COUNCILLORS have decided increased Cosham car parking charges are a ‘small price to pay’ for kicking out the clampers.
Yesterday Portsmouth City Council’s traffic and transportation department approved raising the hourly rate by 10p to 60p at car parks behind shops in High Street, Cosham.
The council has agreed to take on the running and enforcement of the car parks and as part of the agreement the landlords wanted the hourly rate raised.
The decision paves the way for the council to take over parking duties from clamping firm City Watch Enforcement, which has been repeatedly criticised for heavy-handed tactics. The land, which is leased to Lionsgate Properties and managed by Lee Baron, is expected to be taken over by the council in April.
Cabinet member for traffic and transportation, Cllr Jason Fazackarley, said the increase in charges was the decision of the leaseholders – not the council.
‘This has been a long and painful situation up in Cosham,’ he said. ‘But it has provided a great example of people from all different parties and walks of life fighting against that company.
‘Portsmouth has not raised any other parking fees this year, but this is a small price to pay if we get rid of the clampers.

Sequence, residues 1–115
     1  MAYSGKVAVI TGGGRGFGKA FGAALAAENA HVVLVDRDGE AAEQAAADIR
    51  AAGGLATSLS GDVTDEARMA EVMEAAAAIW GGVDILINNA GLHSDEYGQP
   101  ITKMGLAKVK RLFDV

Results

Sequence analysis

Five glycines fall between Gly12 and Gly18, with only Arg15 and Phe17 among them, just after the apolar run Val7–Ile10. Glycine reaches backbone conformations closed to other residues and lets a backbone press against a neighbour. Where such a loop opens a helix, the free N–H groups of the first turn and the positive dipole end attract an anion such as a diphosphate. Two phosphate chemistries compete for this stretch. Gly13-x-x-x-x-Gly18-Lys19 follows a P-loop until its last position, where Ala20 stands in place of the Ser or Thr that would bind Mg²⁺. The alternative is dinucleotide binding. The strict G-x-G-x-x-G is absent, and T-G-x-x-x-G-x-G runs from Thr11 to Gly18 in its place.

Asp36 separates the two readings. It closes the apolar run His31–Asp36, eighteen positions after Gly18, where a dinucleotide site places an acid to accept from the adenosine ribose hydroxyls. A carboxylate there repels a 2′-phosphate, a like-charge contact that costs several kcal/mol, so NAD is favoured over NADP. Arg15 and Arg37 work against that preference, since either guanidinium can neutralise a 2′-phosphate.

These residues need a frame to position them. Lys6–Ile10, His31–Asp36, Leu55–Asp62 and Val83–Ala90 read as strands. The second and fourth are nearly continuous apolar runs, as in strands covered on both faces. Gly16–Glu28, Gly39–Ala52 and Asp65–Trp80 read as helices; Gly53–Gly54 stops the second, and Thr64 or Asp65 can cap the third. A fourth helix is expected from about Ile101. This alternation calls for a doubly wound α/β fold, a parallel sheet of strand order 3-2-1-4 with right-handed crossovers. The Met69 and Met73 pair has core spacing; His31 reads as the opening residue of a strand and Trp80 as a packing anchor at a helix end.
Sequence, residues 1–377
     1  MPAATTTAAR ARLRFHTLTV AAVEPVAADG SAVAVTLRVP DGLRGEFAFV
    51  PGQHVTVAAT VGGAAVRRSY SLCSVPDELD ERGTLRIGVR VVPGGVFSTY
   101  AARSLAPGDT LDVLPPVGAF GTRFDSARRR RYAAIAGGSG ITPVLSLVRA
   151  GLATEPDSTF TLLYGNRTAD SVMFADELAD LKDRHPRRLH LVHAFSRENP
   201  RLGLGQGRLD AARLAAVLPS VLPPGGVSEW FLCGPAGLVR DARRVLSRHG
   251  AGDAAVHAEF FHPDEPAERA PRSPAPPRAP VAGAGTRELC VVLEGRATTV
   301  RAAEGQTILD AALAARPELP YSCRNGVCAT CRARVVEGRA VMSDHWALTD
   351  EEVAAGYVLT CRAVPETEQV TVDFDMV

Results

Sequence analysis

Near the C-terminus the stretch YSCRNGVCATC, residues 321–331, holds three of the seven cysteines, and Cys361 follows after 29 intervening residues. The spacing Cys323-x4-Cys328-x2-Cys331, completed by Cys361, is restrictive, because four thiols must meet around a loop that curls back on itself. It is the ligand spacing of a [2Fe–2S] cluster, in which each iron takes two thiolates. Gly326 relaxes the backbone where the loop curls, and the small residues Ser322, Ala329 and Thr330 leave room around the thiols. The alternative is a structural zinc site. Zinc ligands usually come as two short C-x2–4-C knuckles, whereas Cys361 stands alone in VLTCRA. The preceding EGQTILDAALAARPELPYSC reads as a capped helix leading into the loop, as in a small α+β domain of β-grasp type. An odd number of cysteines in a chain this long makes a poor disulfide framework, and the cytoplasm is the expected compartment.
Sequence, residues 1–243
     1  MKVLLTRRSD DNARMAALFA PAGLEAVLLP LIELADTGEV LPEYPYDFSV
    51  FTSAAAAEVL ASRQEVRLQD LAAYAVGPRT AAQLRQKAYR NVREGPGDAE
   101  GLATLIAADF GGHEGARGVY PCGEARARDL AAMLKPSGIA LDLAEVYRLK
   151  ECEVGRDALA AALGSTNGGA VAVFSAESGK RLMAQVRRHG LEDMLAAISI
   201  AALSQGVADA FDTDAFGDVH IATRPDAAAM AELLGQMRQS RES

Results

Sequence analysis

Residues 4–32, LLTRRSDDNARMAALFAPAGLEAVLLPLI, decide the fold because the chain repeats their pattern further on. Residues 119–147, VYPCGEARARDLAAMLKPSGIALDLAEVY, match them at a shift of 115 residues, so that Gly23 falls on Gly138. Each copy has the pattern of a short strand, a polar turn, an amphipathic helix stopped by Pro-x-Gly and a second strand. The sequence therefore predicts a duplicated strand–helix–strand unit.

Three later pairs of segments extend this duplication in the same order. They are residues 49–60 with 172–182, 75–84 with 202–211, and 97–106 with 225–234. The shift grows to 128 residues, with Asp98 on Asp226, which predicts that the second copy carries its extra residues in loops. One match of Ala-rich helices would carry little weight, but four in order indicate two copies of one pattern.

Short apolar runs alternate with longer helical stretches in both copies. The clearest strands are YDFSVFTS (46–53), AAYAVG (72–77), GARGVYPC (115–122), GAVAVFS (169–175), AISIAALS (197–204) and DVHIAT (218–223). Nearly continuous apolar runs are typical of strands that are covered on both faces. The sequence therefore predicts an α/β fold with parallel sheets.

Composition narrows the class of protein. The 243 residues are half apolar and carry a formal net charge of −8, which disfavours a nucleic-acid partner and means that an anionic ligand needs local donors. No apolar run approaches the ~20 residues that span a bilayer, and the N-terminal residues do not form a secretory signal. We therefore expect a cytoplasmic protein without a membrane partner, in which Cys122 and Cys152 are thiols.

‘The sooner we can take over this car park and rid the city of City Watch the better.’
Labour group leader and transport spokesman Jim Patey added: ‘This issue has been a cloud hanging over the heads of businesses in the area thanks to the bad publicity received as a result of the clampers.
‘Getting rid of them will bring back more confidence in the area at a time when retail is suffering.
‘We need to do everything within our power to maintain shopping in the north part of the city in particular.’
A car park behind Salvation Army Trading Company charity shop and Totesport, which has free parking and permit-holder spaces, will now also become 60p an hour.
Portsmouth North MP Penny Mordaunt said: ‘I’m pleased the council has taken this step, I just wish they had done it sooner.
‘But I will continue to support people given fines who are fighting against City Watch in the courts.’